More in Garden Planning

Plants for Paths and Patio Edges

Low-growing, tough-underfoot plants soften the edges of garden paths and patios

Photo by Richard W. Brown
1 ×

 

A dotted line of flagstones or a curving ribbon of gravel may be an invitation to get out and enjoy the garden, but too often a well-worn path ends up ringed with bare dirt. There are, however, plants that withstand stomping nearly as well as Astroturf and can blend hardscape elements into their otherwise lush surroundings: tough, low-growing, creeping perennials that will take root almost anywhere. "Put them around patio pavers, at the base of the mailbox, next to the driveway, or around the edge of a pond," says Fran Hopkins, a horticulturist and the founder of Stepables (stepables.com), a grower of creeping perennials. Some are even tough enough to stand in for paved surfaces. "Plant miniature thyme as your patio floor and just add furniture," says Hopkins. "Or park the car on a carpet of miniature brass buttons."

There are plants suitable for moderate to light foot traffic (twice a day to twice a week traipsings) and even heavy foot traffic (three or more times a day). While most grow just grasshopper high, they may spread anywhere from 2 to 12 inches a year, so match the plant to the space at hand. Some varieties, such as ornamental thyme, with dozens of cultivars that flower pink, white, or yellow, come with an added bonus, releasing a scent when stepped on.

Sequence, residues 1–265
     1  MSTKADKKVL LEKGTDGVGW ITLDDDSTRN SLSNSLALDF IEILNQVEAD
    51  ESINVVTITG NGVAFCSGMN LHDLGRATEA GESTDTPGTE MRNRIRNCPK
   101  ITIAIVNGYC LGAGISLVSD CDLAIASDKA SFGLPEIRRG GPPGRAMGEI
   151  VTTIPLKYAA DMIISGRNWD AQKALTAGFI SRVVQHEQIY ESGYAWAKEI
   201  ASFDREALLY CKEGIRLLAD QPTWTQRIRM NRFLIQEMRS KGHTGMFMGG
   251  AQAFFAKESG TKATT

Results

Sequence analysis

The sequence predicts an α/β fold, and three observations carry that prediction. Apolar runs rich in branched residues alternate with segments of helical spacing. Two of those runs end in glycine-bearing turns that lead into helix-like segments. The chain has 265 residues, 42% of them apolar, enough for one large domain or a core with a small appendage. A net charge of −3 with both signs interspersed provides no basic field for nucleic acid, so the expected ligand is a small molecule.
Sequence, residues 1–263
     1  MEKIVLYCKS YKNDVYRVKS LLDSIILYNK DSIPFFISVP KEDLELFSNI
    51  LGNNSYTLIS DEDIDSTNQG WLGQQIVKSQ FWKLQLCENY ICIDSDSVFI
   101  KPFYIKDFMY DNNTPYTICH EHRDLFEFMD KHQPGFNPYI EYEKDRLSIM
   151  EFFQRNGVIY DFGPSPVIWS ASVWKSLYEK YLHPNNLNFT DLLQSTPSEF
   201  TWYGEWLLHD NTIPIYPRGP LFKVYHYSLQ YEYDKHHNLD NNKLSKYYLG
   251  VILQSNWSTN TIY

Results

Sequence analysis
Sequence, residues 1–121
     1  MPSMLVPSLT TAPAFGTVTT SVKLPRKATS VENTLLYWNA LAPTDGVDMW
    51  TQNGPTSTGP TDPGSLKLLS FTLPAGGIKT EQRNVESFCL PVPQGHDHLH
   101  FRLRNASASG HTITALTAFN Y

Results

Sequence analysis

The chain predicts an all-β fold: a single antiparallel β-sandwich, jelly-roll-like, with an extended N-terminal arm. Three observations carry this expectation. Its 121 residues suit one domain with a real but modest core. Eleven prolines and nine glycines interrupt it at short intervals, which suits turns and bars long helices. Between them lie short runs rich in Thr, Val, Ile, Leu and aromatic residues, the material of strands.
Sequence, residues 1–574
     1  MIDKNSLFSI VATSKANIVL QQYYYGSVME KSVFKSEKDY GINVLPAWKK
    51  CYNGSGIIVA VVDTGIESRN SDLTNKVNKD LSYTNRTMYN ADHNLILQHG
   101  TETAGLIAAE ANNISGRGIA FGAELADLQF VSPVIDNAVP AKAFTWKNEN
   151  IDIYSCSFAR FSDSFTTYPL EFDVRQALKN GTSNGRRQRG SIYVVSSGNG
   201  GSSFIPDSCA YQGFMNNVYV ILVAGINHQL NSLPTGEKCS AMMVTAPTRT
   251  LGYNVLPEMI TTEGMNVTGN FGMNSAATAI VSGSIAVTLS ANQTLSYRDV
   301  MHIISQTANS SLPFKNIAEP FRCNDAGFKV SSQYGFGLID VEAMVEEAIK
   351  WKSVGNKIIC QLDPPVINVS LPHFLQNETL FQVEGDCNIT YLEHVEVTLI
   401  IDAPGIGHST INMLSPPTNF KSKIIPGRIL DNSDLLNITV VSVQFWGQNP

Creeping perennials generally like well-drained soil and a 20-20-20 liquid fertilizer during growing season. Many, such as rupturewort and dianthus, are propagated by dividing the root ball. Others multiply every time they're stepped on and a leaf node breaks off, taking root in the soil.

To help green up your gray (or ground-down) spaces, check out our list of recommendations on the following pages.

A dotted line of flagstones or a curving ribbon of gravel may be an invitation to get out and enjoy the garden, but too often a well-worn path ends up ringed with bare dirt. There are, however, plants that withstand stomping nearly as well as Astroturf and can blend hardscape elements into their otherwise lush surroundings: tough, low-growing, creeping perennials that will take root almost anywhere. "Put them around patio pavers, at the base of the mailbox, next to the driveway, or around the edge of a pond," says Fran Hopkins, a horticulturist and the founder of Stepables (stepables.com), a grower of creeping perennials. Some are even tough enough to stand in for paved surfaces. "Plant miniature thyme as your patio floor and just add furniture," says Hopkins. "Or park the car on a carpet of miniature brass buttons."